December 8, 1997
TRF project to remain nameless,Grid roads may open soon
Andrew Walgamott/staff photo
Crews wash off the sides of the Target building before applying sealant to the walls.
by Andrew Walgamott
WOODINVILLE--Though many residents are at a conundrum on what to call Woodinville's expansive downtown shopping development, Bob Parks says he doesn't anticipate naming the complex. "We don't want to be thought of as something separate from the downtown. We want to be part of it," the president of TRF-Pacific said last week. Fitting in might not be as difficult for the 43-acre ("Don't call it a shopping center") project as it may seem. Sure, there are buildings still to be erected, mountains of dirt to be leveled, acres of pavement to be striped and hundreds of shrubs and trees to be planted, but Parks said the development is beginning to reflect the vision and design residents and city staff had asked for.
According to Joe Wallis, city planner, that look is known as the northwest woodlands character, or "simple three-dimensional structures", like barns, sheds and other post and beam agrarian features. This design principle is particularly visible at the Target building in the northern corner of the development, where a shiny aluminum entry way and high-set windows are reminiscent of a country barn. Post-like concrete pillars front the building. "I would guess there is no other Target in the United States that looks like this," Parks said.
Elsewhere, a pair of buildings under construction next to the sidewalk of N.E. 175th St. will have old-west style false-fronts, and a timbered park next to Schuck's features trellises and massive cedar beams that echo Molbaks across the street. The building nearest Burger King is slated to be occupied by Great Clips, General Nutrition Center, Bella Cleaners, Kinko's and GTE Phone Mart while the structure near Firestone will house Hollywood Video, Taco Del Mar, Starbucks and a tenant to be named.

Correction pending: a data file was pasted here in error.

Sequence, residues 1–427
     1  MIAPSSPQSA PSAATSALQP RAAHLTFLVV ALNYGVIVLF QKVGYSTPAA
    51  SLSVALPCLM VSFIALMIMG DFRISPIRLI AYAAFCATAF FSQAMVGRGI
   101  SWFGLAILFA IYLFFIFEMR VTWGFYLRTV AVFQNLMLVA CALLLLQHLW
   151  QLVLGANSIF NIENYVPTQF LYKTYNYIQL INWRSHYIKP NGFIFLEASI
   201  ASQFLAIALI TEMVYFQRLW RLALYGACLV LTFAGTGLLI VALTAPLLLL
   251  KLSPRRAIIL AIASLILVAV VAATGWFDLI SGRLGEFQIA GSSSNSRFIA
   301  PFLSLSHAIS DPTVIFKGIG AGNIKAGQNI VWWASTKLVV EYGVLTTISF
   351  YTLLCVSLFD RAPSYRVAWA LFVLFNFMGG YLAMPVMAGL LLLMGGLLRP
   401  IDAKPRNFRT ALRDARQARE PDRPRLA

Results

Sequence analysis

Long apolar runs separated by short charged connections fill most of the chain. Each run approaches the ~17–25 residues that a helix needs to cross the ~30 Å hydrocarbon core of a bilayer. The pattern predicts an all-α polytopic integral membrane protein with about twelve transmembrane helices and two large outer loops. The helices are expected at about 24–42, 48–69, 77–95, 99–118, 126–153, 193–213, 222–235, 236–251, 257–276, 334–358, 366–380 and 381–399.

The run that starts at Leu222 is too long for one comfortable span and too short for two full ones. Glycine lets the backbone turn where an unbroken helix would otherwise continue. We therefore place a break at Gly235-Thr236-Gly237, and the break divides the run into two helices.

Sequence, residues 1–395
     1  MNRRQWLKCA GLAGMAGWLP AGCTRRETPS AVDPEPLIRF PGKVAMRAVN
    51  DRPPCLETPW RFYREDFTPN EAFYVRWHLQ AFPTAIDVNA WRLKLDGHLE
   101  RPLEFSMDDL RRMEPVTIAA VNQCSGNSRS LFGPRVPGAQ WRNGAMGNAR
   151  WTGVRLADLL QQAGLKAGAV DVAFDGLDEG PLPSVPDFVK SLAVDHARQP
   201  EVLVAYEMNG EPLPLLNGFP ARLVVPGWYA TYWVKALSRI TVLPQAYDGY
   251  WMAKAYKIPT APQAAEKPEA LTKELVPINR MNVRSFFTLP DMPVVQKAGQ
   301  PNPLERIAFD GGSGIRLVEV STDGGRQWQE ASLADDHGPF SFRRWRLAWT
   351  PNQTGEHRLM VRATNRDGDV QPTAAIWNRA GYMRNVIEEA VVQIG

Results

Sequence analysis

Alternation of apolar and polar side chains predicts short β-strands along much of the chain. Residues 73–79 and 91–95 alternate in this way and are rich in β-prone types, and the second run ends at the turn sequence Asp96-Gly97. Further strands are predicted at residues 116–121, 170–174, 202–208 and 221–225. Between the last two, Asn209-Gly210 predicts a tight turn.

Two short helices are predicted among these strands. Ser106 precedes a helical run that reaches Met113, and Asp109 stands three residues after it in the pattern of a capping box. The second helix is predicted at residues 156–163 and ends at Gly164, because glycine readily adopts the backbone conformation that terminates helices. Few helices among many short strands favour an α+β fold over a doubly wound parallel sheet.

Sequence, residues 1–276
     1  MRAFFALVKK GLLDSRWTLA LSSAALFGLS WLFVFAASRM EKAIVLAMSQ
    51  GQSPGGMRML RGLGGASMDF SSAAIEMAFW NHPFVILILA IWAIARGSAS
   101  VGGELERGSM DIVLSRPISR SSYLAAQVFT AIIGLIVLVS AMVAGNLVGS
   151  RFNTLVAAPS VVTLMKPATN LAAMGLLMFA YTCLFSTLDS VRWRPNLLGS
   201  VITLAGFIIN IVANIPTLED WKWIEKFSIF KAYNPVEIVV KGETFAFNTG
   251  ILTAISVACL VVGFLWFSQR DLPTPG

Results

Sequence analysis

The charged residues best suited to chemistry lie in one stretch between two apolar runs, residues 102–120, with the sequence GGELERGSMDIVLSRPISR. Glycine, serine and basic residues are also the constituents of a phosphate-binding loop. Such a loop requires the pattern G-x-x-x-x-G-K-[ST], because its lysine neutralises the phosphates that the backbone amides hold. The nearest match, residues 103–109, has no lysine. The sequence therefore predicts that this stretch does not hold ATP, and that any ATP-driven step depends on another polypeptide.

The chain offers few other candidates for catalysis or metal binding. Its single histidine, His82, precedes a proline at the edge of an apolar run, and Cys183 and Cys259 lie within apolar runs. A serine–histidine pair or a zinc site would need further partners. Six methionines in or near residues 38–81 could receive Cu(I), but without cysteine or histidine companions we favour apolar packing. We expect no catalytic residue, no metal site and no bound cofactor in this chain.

Parks said construction on Top Food and Drug near Tilton Truss as well as two other structures was expected to begin soon. Crews are also busy putting the roof on the Cineplex Odeon 12-screen theater in the southeast corner of the development. And while the project will definitely change Woodinville's skyline and future forever, Parks said he was pleased with the way it was taking shape. "I like the way it looks. I hope others do to," he said.
Motorists and pedestrians may get a chance to peruse the innards of the complex soon and judge for themselves. Parks said two grid streets inside the project, N.E. 178th St. and 138th Ave. N.E., have been paved and signalized, and may be activated before the middle of next January when Burlington Northern Sante Fe crews are supposed to finish work on a new railroad crossing connecting 178th to N.E. 177th Pl. Doing so will ease congestion problems elsewhere in Woodinville.
Public Works Director Ron Cameron said TRF-built roads will provide one-third to one-half of all downtown circulation capacity, handling more traffic than the developers expect to generate. Anticipating the impact of the development, the city is also considering the addition of a second left-turn lane off of 131st Ave. N.E. near Dairy Queen onto a widened N.E. 177th Pl., the street paralleling the westside of the BNSF tracks. Also, a slip ramp from State Route 522 onto 178th has been proposed, though Cameron said that was five to ten years in the future.